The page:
Matt: Yeah, and if you’re open and if you tell somebody at the beginning, and if you do really want to get clean, you have to. If not, as addicts we find a way to manipulate our way out of stuff, be like, “No, no, no, I’m good,” you don’t want to talk about it. If you say, “Throw this at me,” it keeps you accountable because you know that could be coming at any minute.
Greg: Now, when you put that accountability on the table, I’m throwing this out there for people who are thinking of this, like, did you know, if you didn’t stick with it there would be consequences at that point? Did you talk to your support system about, if I don’t, there’s going to be consequences? Did you just kind of know that, or how did that work?
Matt: I knew there would be consequences. I think I saw the damage that heroin was doing, not just to me, but to my family. I knew, I was like, “If you keep this up, you’re going to destroy everything.” I knew in my head, like, I was … There was a little bit of accountability from myself, because I kind of started to see what was going on. Having other people involved and enforcing that accountability really helped. I did, they every once in a while … I remember my mom found something, she didn’t know what it was. She’s ignorant to what heroin was. She had no idea what any of this stuff was.
Greg: Most people don’t.
Matt: Yeah, and you shouldn’t, but she found something that she was uncomfortable with. I explained to her, I’m like, “That’s nothing, I don’t know what that is.” She was like, “We talked about this, you told me to do this, take this drug test.”
Greg: That’s great, because you were the one that told her, so you can’t really be like, “Ugh.” I mean, you set it up.
Matt: Yeah. I didn’t argue it. Honestly and admittedly I was a little bit like, “You don’t trust me?” But, I knew, I was like, you can’t. First of all, when you’re in the process of getting off of heroin or breaking any addiction, you can’t trust yourself, let alone, you can’t expect other people to trust you. This is a long process of kind of building that trust with others, but probably most importantly with yourself. I mean, that’s huge. It was nice to have somebody say like, “No bullshit. You got to do this. It’s part of the whole program.”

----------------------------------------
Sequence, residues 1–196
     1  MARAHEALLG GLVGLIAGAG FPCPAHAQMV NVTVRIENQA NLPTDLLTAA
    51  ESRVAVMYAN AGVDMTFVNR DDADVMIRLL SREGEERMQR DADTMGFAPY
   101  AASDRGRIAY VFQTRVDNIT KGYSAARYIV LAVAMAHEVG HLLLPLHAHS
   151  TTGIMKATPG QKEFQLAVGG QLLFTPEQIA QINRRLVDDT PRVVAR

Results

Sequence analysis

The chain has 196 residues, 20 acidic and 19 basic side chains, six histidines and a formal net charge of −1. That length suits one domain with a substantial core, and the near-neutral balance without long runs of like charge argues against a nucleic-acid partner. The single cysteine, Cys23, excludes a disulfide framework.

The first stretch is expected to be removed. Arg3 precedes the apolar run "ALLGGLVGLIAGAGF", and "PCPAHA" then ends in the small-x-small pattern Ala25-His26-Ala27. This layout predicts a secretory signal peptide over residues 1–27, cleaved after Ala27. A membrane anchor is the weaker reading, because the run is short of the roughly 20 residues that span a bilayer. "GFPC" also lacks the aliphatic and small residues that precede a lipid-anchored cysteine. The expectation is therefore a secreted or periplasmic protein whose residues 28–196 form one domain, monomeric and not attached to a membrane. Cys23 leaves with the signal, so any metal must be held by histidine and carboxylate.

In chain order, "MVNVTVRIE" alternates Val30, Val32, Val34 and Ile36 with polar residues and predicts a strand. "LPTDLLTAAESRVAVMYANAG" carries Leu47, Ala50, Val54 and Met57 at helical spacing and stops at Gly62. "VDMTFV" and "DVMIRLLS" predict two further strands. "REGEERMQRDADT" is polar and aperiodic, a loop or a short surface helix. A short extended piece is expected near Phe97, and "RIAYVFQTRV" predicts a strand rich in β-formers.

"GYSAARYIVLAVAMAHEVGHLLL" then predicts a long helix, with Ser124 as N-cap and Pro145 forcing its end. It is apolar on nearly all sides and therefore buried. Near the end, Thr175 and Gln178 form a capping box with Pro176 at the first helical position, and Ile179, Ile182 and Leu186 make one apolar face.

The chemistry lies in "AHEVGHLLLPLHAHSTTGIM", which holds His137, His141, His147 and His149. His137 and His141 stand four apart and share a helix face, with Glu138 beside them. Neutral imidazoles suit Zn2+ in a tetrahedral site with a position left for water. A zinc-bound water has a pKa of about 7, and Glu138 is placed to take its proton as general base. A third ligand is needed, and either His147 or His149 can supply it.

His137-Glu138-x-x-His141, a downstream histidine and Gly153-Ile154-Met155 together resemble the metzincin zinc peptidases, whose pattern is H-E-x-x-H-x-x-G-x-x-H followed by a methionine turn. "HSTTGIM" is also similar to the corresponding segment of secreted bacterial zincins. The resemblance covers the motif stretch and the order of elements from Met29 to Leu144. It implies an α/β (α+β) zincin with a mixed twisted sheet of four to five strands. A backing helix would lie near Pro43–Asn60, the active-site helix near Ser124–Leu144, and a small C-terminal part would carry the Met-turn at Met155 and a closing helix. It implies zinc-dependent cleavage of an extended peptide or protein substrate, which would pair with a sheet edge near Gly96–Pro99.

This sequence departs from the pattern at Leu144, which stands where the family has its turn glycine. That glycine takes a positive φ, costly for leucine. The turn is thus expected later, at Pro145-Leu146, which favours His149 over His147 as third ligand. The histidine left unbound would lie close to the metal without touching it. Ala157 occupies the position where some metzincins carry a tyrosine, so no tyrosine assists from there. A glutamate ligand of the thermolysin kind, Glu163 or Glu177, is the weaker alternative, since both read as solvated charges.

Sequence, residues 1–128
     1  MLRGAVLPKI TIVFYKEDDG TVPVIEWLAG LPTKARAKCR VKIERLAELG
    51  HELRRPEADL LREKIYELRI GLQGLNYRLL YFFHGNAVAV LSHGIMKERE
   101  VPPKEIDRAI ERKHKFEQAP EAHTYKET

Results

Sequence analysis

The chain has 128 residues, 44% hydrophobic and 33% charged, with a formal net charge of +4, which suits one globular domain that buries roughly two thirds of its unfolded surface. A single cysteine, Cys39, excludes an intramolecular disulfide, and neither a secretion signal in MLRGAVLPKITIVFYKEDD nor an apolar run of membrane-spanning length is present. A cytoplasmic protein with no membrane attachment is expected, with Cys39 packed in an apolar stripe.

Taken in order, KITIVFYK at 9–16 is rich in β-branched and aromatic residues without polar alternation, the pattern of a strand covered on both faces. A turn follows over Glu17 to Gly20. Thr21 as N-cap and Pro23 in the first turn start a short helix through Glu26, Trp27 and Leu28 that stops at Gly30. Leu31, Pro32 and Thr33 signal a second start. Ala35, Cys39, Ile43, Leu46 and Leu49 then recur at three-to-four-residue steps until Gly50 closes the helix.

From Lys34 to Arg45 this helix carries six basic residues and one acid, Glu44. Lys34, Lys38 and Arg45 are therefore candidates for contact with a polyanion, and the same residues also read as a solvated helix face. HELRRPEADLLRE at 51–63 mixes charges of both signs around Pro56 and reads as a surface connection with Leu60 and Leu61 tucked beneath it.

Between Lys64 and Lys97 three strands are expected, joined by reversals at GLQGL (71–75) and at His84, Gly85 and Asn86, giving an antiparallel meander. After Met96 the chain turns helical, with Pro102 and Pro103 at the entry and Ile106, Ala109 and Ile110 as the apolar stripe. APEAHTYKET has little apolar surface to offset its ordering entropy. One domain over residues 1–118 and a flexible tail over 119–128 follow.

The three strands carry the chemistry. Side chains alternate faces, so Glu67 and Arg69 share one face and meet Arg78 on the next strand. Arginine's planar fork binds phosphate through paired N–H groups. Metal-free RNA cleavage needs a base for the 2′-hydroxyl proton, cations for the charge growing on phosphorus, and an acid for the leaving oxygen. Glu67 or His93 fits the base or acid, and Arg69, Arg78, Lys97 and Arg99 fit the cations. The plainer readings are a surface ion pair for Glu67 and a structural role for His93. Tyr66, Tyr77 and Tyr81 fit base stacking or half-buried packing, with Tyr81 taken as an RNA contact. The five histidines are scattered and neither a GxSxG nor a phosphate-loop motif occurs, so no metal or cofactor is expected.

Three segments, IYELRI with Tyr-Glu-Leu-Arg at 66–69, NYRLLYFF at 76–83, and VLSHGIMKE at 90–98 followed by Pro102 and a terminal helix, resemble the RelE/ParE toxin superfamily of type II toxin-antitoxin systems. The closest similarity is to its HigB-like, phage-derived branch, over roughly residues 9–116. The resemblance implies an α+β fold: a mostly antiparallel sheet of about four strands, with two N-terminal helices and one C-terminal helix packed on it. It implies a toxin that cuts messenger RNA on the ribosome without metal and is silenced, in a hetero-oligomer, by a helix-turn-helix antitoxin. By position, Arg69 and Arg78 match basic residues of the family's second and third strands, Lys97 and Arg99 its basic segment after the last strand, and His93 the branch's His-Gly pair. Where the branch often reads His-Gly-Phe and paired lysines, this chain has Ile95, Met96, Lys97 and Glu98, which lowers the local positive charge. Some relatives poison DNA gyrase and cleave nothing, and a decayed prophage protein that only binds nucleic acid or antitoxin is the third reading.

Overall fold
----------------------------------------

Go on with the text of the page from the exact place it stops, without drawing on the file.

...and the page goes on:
Greg: Yeah, I think one thing that might tie both of those together is committing. Like, a full commitment to, I’m going to get sober.
Greg: I mean, when you break off those people that you’ve been hanging out with, that’s a commitment, I’m committing to this. When you put your cards on the table and you’re like, “This shit is doing. I’m telling them what’s going on,” you’ve just committed. There’s not really any turning back from there.
Matt: If you don’t have 100% commitment to getting clean and you have a place that you want to get, which is away from addiction, if you’re not fully committed to that, it will absolutely never happen.
Greg: I agree.
Matt: You cannot leave any, “Oh, you know, maybe special occasions,” you’re done. Like, it’s no longer an option. That has to be it. To your point, those are some of the things that really solidify that commitment. The burning of the bridges with everybody you used to hang around with, anybody who ever messed with heroin or whatever your struggle with, has to be gone, at least for the next couple years at least. I mean, that’s what you and I did. That’s a part of it. Then, you know, putting that forced accountability on top of it was a big help as well.
Greg: Awesome. All right, so there is our number one tip for getting out of an addiction. You got to separate yourself from everyone. You got to maybe get some accountability, put your cards on the table, you got to make that full commitment. You know, I think those are the biggest things you can do to get out of addiction. I hope you guys liked this video. Please make sure you subscribe below. Share it if you can. We’re trying to get the word about Project Unbroken. We’ll see you all in the next video.
Matt: See you guys.